8 tips from college admissions experts for Alabama students preparing college applications | Tech US News

[ad_1]

With college application deadlines just around the corner, admissions officers say the holidays are a good time for high school seniors to knock a few final tasks off their checklists.

“At this time of year, students need to be especially mindful of their deadlines,” said Kathleen Stallings, director of undergraduate admissions at the University of Alabama at Birmingham. “Each school requires different subjects at different times and it is very important that students are clear about what is due when.”

Most colleges accept applications for fall enrollment by January or February, but other financial aid or scholarship requirements may be due earlier.

For students who have been procrastinating on their personal essay or haven’t had a chance to fill out the necessary forms, here are some tips to keep in mind as college application season draws to a close.

Complete the application completely.

Most colleges have online portals to help organize your application, and sites like the Common App and the Common Black College App make it easy to apply to hundreds of colleges with a single application.

Read more Ed Lab: The University of Alabama at Auburn Common Application opens

Be sure to attach documents such as test scores and essays when required, and notify the school counseling office of application deadlines so your transcripts don’t arrive late. Transfer students will likely need to submit more than one transcript if they have enrolled at multiple institutions.

“This may seem trivial, but colleges receive many incomplete applications every year,” said Sherre Padgett, an educational consultant who provides college preparation services across the country.

Create a tracker to stay organized

Stallings said she also recommends creating a shared calendar with parents or guardians to keep track of different deadlines.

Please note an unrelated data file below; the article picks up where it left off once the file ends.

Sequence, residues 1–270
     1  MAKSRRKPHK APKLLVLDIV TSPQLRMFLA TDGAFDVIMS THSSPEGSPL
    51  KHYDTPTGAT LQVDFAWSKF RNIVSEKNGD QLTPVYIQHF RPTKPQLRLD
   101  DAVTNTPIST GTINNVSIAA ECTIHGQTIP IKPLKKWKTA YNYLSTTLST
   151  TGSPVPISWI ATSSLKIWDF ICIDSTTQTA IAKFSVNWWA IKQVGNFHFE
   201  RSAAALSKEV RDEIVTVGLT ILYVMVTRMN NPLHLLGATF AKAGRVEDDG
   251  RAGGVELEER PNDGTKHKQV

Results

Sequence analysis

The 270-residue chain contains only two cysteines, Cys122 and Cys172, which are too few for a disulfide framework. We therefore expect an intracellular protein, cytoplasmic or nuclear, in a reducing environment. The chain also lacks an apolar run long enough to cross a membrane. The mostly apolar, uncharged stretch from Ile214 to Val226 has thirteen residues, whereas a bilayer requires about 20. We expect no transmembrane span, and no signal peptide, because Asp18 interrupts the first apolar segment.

Here’s a handy tracker template from Get Schooled, which also includes several short articles, guides and videos that break down the application process in easy-to-understand language.

You can also text #Hello to 33-55–77 for free college application tips from Get Schooled.

Make sure your essay is an honest representation of who you are.

Some colleges require an essay or personal statement as part of the application. The Common App also requires applicants to complete written prompts.

Padgett says it’s important to be authentic when writing personal essays—and to limit “puffiness.”

“Don’t just repeat school information to prove you know about your prospective school,” she said. “They already know who they are; they want to know about you.”

Other experts recommend writing multiple drafts, finding a peer to edit the draft, and avoiding one-liners or too much humor. The best essays are those that directly answer the question, but also have a strong introduction, elaborate on personal experience, and are reflective.

“It’s always, always best for a student to delve into their experience rather than cover the essay with all the things they’ve done,” Stallings said.

Choose your referrals wisely.

Choose people who know you well, both inside and outside the classroom. This could be a counselor, coach, teacher or mentor outside of school. Experts say the best recommenders are people who can attest to your growth, not just your success.

And don’t hold off on the recommendation until the end, Stallings said.

Now—in the fall, before you plan to attend college—is a good time to reach out to recommenders if you haven’t already. The sooner the better.